I read when magazines and newspapers attributed the label to countless celebrities, the media’s whispered words of shame and failure . . . [insert celebrity name here] can’t get pregnant] . . . she’s INFERTILE.  But I didn’t believe it for them.  I believed they would (or will) prove the label was wrong.  Prove the media was wrong.  I believed that others could defy that label which defined me.

INFERTILE 

God I hate that word.  I hate the feelings it brings out in me.  Feelings of failure, sadness, desperation, and now anger.  But I am not angry that I am infertile.  I am angry that I gave up on myself.  But then something happened.  Something that wasn’t supposed to happen . . . not to me, not to someone with all those LABELS.  Something extraordinary happened that caused me to challenge my doctors’ assumptions, that caused me to look at the LABEL tattooed on my forehead and ask:

IS IT REALLY TRUE?

AM I REALLY INFERTILE?

And then I realized it isn’t impossible.  Nothing is impossible.  In fact everything is POSSIBLE.  And with that realization my entire world changed.  My longheld beliefs about myself and my infertility CHANGED.  Everything I feel and believe about what I have lived through for well over 15 years, what I tell my clients, how I look at the community and industry in which I work, has shifted.  I suffered for over 15 years for no reason.  There was always hope.  I just wouldn’t let myself see it.  But I see it now.  I see HOPE everywhere, for everyone, even for ME.  No one really knows who is infertile.  Not even your doctor.  Nothing anyone tells you has to be true.  Not unless you believe it’s true.

My point is this:

Do NOT let your doctor get you down.

Do NOT let your doctor dismiss you.

Do NOT buy into the label(s).

Do NOT believe statistics.

PLEASE DO NOT BELIEVE STATISTICS.

I have finally realized that everything and anything is possible.  Because it is.

ANYTHING AND EVERYTHING IS POSSIBLE!

It will happen to you in the perfect time, and in the perfect way.  But you do not have to suffer while you wait. Do not do what I did.  Do not buy into the labels.  Do not give up or give in.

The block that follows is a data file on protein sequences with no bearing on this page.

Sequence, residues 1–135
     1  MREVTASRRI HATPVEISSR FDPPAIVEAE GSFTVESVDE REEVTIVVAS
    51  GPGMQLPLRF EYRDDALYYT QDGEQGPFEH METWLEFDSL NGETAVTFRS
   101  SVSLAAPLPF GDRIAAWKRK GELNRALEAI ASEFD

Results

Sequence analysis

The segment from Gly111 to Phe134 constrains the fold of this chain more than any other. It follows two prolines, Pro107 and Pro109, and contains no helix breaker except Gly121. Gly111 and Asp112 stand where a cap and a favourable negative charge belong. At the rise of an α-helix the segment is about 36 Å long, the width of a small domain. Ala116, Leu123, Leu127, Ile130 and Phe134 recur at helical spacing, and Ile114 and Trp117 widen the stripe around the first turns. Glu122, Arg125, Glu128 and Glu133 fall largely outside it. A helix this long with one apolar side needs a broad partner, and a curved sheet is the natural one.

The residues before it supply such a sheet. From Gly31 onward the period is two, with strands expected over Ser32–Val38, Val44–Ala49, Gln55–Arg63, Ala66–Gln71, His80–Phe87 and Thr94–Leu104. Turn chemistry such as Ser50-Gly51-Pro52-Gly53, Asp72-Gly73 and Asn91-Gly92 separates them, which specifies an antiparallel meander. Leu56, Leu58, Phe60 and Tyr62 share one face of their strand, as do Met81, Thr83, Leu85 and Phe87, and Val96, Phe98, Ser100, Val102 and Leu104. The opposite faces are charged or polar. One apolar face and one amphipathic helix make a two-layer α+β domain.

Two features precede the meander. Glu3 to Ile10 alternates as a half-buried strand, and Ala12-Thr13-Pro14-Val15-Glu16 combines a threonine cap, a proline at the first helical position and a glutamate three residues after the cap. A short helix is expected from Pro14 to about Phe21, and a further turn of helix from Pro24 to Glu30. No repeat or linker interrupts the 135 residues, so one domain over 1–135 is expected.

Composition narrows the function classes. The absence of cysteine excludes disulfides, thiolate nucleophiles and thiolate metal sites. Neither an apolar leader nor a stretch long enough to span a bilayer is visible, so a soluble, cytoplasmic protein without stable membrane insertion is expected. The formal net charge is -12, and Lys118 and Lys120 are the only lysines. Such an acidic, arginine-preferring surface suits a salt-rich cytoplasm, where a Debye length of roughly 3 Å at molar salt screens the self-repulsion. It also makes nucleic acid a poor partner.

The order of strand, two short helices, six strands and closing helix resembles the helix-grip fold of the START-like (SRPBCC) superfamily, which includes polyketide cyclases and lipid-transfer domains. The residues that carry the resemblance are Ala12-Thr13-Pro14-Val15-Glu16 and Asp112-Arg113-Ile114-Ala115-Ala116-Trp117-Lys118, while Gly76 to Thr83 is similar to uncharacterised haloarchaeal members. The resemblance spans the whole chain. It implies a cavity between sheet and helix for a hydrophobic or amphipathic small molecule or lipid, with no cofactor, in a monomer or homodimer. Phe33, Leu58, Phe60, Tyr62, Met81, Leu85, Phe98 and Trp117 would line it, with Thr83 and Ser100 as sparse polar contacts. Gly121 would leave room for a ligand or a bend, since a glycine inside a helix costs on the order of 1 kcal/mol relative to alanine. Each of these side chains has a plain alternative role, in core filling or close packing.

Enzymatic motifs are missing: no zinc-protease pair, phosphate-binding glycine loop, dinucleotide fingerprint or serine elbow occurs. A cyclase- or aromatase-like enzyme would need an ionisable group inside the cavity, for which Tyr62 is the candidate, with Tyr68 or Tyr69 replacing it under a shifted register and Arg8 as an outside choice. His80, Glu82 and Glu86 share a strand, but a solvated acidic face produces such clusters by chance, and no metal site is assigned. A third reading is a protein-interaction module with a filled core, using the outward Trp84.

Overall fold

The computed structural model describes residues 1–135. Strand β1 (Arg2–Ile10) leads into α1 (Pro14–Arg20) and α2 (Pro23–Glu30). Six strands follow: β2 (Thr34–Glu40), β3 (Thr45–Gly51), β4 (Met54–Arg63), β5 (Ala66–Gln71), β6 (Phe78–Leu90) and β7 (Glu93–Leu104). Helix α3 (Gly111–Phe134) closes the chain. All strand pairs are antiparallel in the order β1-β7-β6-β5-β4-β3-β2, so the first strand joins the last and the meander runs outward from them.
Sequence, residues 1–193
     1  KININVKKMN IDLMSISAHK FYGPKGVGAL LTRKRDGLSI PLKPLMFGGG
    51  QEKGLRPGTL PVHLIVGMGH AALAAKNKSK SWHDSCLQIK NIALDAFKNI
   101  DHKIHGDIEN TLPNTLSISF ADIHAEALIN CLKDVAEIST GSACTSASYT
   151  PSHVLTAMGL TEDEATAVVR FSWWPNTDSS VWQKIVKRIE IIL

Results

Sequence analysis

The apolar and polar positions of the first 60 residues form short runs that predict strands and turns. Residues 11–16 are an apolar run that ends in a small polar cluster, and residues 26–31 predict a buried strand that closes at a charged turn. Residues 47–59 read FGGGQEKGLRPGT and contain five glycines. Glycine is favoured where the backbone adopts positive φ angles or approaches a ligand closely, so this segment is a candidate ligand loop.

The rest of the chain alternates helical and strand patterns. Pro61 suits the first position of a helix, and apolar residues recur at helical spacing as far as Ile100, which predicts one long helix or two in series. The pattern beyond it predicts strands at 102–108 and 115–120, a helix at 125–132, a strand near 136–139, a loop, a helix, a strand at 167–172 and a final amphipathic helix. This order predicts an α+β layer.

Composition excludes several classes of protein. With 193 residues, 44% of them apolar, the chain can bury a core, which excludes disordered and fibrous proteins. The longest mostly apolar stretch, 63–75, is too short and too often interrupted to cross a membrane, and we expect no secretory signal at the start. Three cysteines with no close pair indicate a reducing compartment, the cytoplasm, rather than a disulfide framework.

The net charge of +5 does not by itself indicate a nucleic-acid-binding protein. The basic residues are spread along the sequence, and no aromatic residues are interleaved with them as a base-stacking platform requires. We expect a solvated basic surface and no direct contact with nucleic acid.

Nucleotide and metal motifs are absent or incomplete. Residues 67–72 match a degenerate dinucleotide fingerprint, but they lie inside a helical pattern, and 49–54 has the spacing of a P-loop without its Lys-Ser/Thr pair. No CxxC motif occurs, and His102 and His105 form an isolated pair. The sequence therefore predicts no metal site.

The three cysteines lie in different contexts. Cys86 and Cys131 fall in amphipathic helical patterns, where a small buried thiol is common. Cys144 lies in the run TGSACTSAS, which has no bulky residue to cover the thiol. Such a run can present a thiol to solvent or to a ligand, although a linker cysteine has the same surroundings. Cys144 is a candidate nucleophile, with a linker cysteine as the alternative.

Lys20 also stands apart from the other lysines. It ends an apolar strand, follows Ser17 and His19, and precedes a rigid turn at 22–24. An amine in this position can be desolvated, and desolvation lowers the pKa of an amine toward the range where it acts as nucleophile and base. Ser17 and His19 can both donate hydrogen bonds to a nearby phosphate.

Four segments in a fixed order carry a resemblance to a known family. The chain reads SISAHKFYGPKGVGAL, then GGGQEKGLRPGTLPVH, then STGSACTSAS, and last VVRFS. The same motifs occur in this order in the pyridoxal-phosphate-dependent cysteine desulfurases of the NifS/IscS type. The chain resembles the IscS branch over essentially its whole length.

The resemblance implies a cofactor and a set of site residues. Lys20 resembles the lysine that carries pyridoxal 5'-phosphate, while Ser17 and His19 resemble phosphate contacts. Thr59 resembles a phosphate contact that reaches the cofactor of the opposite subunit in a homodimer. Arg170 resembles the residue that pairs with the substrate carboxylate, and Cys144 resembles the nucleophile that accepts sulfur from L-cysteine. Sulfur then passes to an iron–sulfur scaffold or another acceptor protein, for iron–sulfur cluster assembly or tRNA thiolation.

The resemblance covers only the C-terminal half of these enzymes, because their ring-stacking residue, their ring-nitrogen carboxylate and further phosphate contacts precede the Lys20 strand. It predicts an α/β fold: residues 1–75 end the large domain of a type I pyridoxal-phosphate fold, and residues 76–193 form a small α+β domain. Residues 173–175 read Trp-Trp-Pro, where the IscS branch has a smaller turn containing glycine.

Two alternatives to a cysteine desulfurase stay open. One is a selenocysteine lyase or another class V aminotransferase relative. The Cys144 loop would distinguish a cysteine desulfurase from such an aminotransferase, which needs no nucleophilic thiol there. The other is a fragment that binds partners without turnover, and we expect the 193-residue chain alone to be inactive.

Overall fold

Instead of choosing the mindset of infertility, choose the mindset of belief.  Choose the mindset of knowing that your time will come.  Accept, believe, and KNOW that everything and anything . . . and I mean ANYTHING . . . is POSSIBLE.

Because it IS.

And I know this because after 15 years of living with the label, and living with the tattoo on my forehead, something happened which proved everyone wrong about everything.  I now know that

I AM NOT INFERTILE

I am

POWERFUL

My body is 

POWERFUL

and so is

YOURS!

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When Judge’s Get it Wrong When Endeavoring to Get it Right. Second-parent adoption blog part 2

February 3, 2014 | By: | Filed under: adoption, Birth Certificates, Check This Out, In the News, infertility in the media, Parentage Orders, Personal Musings, Same Sex Parenting and Reproductive Law, Thinking Out Loud, Third-Party Assisted Reproduction

I promised a more human blog on this new case from Brooklyn.  Here goes:

 

By now most people are aware of the groundbreaking, landmark decision in the case of United States v. Windsor, a case which determined that same-sex marriages must be recognized under federal law, thereby overturning part of the Defense of Marriage Act (DOMA), and leading to the passage of many state laws embracing same sex marriage or otherwise altering state’s views on same-sex marriage.  One important fact about Windsor that many people have overlooked is that Windsor did not apply to section 2 of DOMA, which permits states to ignore or fail to recognize same-sex marriages performed in other states.  Thus while the Federal Government must now recognize the marriage of two men or two women in the State of New York, Windsor did nothing to change the rights of other states to ignore same-sex marriages entered into in New York.  Insofar as a state could ignore or choose not to recognize such a marriage, that state also could choose not to recognize the legitimacy of children born during the course of that marriage.